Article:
A Just ClaimWith all of the problems facing our nation, the amount of money that the federal government spends chasing cancer patients who smoke physician prescribed marijuana who are acting in concert with applicable state laws is our national shame. I can't write material this good, so I quote the following editorial in its entirety:
Editorial: Just ClaimsI can only hope that they win. The time, money, and lives wasted by prohibition in this country can not be spared in these times of real war against a determined foe. Cancer patients and doctors are not the enemy. We could use those thousands of DEA agents against the Islamofascist menace that is blowing up innocents, and maybe a few thousand former jail guards could become air marshals. Which is better, jailing your crippled neighbor who grows three plants in her back yard, or having an armed good guy on every scheduled airline flight?
David Borden, Executive Director, DRC Net, 10/11/02
This past week, two of California's most vulnerable but most determined took a stand for the rights of Americans under the US Constitution. Angel McClary Raich, who suffers from brain cancer and uses marijuana to relieve pain, nausea and loss of appetite, and Diane Monson, a patient who uses marijuana for relief from chronic back pain, have sued the US Dept. of Justice and its violent anti-drug agency, the DEA, for violating the Constitution's Interstate Commerce Clause.
The constitutional violation is clear: Congress may regulate interstate commerce, the clause says, and that is the purported basis of federal drug laws. But there is simply no reasonable interpretation of "interstate commerce" that includes a ban on the growing of marijuana by patients for medical use, nor of the growing and supplying of marijuana inside a given state to patients who need it.
It's really very simple: Interstate commerce by definition means commercial activity involving people in more than one state. Intra-state commerce -- activity within a given state -- is not interstate commerce, by definition. And personal cultivation and consumption aren't even commerce. Therefore, the Interstate Commerce Clause does not apply to intra-state activities, because they are not interstate! What part of "interstate" does the DEA not understand?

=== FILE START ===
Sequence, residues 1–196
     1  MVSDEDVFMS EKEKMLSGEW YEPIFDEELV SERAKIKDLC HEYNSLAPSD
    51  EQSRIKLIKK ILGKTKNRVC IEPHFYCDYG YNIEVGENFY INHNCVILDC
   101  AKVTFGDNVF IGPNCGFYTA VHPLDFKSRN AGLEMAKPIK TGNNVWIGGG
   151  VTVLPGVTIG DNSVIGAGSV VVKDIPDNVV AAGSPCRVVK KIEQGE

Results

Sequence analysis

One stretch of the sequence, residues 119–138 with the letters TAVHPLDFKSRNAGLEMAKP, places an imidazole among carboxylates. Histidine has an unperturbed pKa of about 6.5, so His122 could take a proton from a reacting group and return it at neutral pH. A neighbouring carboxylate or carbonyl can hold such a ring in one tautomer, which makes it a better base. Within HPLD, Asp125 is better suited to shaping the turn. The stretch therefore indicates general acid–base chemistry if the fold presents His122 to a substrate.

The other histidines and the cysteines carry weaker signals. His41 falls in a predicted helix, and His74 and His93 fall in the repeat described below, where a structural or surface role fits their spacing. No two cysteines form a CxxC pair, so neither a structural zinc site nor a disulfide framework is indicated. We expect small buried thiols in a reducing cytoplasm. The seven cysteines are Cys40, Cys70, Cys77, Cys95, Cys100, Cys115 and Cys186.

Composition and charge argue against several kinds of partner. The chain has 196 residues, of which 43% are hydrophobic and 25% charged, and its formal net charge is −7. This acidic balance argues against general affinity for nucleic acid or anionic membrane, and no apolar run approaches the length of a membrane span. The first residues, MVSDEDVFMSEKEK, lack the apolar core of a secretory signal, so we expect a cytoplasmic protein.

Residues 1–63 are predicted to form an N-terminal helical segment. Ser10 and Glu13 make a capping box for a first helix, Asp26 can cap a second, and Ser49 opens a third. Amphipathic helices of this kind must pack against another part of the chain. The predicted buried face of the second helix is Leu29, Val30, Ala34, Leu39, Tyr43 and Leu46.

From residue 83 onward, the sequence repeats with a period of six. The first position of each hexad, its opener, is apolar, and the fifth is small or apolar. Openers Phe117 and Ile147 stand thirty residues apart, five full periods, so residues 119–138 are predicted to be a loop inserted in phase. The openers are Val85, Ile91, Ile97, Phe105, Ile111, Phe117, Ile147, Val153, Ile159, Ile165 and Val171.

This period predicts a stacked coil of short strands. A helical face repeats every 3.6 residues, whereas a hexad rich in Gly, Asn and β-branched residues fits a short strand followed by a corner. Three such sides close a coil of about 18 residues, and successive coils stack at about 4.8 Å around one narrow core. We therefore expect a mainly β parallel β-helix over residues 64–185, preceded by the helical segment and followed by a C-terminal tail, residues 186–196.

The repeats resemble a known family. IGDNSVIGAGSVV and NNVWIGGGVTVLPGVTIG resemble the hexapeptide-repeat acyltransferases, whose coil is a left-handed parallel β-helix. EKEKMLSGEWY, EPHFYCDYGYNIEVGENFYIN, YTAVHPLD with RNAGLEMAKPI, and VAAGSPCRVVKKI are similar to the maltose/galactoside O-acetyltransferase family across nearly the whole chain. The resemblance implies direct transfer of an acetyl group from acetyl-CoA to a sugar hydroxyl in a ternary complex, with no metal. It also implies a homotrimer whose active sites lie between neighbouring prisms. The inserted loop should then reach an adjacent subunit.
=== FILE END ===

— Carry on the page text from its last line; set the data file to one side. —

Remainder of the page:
It's an understandably uncomfortable issue for the DEA. The same line of reasoning renders federal drug prohibition unconstitutional in its entirety, which in turn makes the DEA's very existence an illegal act. At most the federal government might have a role in assisting states in enforcing their individual drug laws in cases where a given drug operation crossed state lines. And even that's kind of sketchy.
But given the unconstitutionality of federal drug prohibition overall, and the consequent illegality of the DEA's existence, use of medical marijuana by patients and the supply of it to them by local cooperatives must fall far outside of the federal government's purview by any reasonable reading of that clause inscribed in the Constitution long ago -- interstate commerce, and regulation thereof -- not prohibition of private intra-state decisions made by consenting adults.
The violation is a particularly terrible one, with scope reaching even beyond states' rights and democracy. Patients of all people, trying to make the best of difficult circumstances and eke out whatever quality of life they can for themselves and their families, should not subjected to raids by armed agents of the state. Patients should not subjected to denial of medicine. Patients should be protected by all means from the cruelty of the DEA law enforcement bureaucracy with its savage political and budgetary objectives.
So the patients and their supporters are saying something that shouldn't even have to be said. As their attorney, Robert Raich, told an assembled press conference, "The government has waged a civil war against sick, disabled and dying Americans." No constitution is needed to see that that civil war is evil on its face. It is time for all good people to demand its halt. Raich and Monson have made just claims.
The plain fact is that the federal government has no constitutional right regulating private behavior. The states do, and every single one has outlawed misbehavior with drugs. It is time to stop the madness. Thank God that the feds have given freedom such a clear and easy target. The bullies from Washington have better fish to fry than disabled, terminal patients with intractable pain who waste away, because the only medicine that will give them their appetite back is prohibited by the feds, while their own state electorate has allowed them their medicine by overwhelming margins.